On April 19, 2009, we got another call but this time he didn’t just attempt, he succeeded. Tony was found, dead, in his car on the side of the road with a lethal amount of narcotics found in his system. Our lives shattered that day. His wife, his four children, our mother, his father, step-father, his 4 sisters, his nieces, nephews, cousins, aunts, uncles… all in pain. The ripple that it leaves behind it drastic and far reaching. You tell me, does this like someone who was depressed?
The Ripple effect
Research has shown that for every one suicide death, over 115 people are directly, and secondarily effected and the financial cost of suicide in the US is estimated to be over 40 billion dollars annually. Suicide is global public health crisis that is not receiving the attention it deserves and therefore millions continue to die and the ripple effects of these deaths continue to devastate parents, children, families, friends and communities.
Aetna is working to change the stigma with Depression and mental health. They have teamed up with a company called Change Direction. It’s geared at educating people on what depression looks like, how to recognize depression, how to help as well and ultimately remove the stigma. Typically a feeling that those who have it should be ashamed or that something is wrong with them!
I took the pledge. I pledge to:
- Share Info from this site to someone in need
- Lookout for friends and loved ones and support them when needed.
- Share my Mental Health Story to help others understand mental health.
- Challenge mental health discrimination when I hear or see it.
- Volunteer at a local event to raise awareness of mental health.
There are ways WE can help. I know my sisters, my mom and I all asked ourselves after our brother died… “What could we have done different?” Not necessarily blaming ourselves, though I’m sure there was a bit of that as well… But genuinely asking ourselves if we would have recognized it, addressed it more urgently – could we have prevented it? I know that is a common question among loved ones who have lost someone to suicide.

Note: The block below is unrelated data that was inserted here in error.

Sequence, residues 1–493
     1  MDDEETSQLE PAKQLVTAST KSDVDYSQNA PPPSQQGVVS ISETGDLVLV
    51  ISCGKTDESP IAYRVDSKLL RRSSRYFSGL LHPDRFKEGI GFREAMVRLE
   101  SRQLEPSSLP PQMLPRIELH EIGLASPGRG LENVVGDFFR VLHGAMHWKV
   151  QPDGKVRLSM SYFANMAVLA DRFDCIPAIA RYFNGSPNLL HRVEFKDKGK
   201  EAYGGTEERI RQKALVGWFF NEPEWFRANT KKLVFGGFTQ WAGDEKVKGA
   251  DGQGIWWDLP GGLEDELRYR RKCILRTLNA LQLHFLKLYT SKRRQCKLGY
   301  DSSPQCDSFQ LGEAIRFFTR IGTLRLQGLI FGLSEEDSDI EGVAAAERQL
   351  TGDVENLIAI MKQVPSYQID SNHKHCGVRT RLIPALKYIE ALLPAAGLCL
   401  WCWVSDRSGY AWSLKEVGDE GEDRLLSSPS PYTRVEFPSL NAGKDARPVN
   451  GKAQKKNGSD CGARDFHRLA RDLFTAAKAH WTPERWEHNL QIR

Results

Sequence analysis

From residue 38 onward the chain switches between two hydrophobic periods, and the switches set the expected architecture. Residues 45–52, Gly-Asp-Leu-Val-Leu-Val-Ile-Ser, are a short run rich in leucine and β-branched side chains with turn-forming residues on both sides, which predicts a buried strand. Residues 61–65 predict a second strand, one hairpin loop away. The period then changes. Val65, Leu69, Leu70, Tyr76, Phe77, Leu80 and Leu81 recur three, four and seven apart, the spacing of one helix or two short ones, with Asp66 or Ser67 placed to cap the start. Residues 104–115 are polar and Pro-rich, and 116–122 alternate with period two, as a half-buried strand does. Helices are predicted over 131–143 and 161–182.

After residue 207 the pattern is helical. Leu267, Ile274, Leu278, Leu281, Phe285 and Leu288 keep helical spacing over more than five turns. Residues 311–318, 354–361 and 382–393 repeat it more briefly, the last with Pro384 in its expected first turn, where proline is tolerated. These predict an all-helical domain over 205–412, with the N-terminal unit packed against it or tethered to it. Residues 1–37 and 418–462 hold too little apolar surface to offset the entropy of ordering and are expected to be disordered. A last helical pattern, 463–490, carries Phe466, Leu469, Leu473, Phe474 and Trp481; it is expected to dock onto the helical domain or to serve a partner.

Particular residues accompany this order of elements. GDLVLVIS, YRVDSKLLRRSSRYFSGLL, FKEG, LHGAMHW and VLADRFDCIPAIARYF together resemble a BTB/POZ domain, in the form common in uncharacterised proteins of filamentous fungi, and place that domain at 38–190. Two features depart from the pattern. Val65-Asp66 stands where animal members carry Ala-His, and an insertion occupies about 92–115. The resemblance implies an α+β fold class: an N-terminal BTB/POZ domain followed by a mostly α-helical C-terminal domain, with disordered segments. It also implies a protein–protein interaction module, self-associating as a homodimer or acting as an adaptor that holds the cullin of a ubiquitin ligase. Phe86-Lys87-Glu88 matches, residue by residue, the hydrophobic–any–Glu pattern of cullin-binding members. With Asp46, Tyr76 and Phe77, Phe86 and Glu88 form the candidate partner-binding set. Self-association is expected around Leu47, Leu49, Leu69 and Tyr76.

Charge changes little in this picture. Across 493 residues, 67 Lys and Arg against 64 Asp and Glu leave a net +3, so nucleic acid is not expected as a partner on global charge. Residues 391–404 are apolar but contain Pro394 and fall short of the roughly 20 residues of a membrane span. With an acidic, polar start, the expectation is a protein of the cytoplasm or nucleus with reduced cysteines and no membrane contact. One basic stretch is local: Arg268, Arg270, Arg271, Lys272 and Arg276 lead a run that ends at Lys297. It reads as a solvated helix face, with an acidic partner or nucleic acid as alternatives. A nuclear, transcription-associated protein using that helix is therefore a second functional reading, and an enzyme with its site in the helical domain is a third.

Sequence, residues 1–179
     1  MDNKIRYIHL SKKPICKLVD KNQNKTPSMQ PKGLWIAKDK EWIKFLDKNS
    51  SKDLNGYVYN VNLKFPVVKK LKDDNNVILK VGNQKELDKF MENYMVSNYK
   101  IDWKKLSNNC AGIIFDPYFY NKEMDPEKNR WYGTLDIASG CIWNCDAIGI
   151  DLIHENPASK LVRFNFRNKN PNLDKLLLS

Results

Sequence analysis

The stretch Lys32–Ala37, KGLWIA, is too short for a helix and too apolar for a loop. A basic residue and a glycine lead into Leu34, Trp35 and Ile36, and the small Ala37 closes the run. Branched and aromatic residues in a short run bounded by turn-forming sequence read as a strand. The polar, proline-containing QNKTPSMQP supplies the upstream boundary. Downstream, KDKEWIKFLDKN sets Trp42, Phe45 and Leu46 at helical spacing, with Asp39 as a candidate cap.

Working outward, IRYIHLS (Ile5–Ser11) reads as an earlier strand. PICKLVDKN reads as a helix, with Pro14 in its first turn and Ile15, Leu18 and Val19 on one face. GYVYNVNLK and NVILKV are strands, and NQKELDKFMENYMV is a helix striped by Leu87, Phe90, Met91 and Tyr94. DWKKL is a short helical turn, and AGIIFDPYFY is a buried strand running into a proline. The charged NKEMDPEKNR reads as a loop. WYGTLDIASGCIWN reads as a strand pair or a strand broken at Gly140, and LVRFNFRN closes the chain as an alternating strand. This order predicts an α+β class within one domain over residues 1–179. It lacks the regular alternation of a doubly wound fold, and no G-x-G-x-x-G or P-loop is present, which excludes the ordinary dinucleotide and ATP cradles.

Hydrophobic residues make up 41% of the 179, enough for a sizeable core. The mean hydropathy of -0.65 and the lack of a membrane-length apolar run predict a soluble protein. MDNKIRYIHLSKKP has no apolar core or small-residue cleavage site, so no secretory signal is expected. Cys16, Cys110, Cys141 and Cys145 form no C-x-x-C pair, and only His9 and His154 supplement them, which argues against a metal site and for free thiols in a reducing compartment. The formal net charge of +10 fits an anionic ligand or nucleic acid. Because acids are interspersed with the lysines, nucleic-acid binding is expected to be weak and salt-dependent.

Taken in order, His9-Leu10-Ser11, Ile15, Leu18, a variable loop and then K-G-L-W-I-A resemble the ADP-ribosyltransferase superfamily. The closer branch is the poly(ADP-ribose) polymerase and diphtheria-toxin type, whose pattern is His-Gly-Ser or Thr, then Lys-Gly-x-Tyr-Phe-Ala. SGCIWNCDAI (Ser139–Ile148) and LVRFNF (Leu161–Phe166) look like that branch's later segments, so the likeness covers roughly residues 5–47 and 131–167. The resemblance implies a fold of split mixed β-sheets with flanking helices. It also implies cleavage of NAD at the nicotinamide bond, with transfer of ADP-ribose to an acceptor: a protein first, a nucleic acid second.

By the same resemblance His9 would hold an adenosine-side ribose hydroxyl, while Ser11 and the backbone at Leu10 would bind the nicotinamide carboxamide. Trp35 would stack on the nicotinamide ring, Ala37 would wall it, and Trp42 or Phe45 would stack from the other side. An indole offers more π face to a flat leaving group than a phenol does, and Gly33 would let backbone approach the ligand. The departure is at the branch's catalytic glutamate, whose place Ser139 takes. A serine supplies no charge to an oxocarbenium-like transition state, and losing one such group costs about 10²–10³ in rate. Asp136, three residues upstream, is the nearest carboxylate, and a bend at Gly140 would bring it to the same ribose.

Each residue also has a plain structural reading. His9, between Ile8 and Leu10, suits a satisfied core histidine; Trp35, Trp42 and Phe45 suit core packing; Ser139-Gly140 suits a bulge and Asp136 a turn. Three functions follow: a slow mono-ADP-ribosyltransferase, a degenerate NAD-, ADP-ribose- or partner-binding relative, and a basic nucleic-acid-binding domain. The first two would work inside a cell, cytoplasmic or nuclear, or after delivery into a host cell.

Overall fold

The answer is different for everyone.
The Change Direction Campaign posted some great discussions to begin having.
- Have you or someone you care about struggled emotionally? Have you ever lost someone you know to suicide – have you ever contemplated harming yourself?
- Why do you think it is difficult for people to acknowledge emotional pain? Why is it difficult for us to reach out for help?
- What can we do to make it easier for everyone to talk about our emotional health, wellness, and illness?
- When you see someone suffering emotionally, what can you do to help them? What are things that you do to take care of yourself emotionally?
Five Ways to Find Help:
- Check out our Help page at www.changedirection.org/help-line-resources
- You can locate mental health support and care through community mental health centers – hospitals and emergency rooms also have information about resources in your community.
- Contact your school and ask about available support – counseling and peer support groups are often available.
- Contact your faith-based organization and ask for recommendations in your community for mental health support.
- Many communities now have a 211 directory – a free and confidential service available 24/7 that connects you to local resources
Five Ways to Change the Culture of Mental Health:
- Make a Pledge to learn and share the Five Signs at changedirection.org
- Make mental health and wellness a priority by taking care of yourself and those you love.
- Connect, reach out, inspire hope, and offer help when you see someone is in emotional pain. Show compassion and caring and a willingness to find a solution when the person may not have the will or drive to do it alone. It may take more than one offer, and you may need to reach out to others who share your concern about the person who is suffering.
- Give your time to organizations and efforts in your community that are working to Change Direction.
- Contribute financially to national and local efforts that are making a difference. One size doesn’t fit all. If you have an idea or a notion about how you can help or fill a need in your classroom, school or community, reach out to your networks and make it happen.
If you are feeling low or recognize any of the above feelings and don’t feel comfortable to reach out to someone close to you, then please…
As I always say: My door is open, the coffee will always be on. I am here. Judgement free. Whatever I can do I will try.
Join in me in pledging. Join me in changing the stigma. #changementalhealth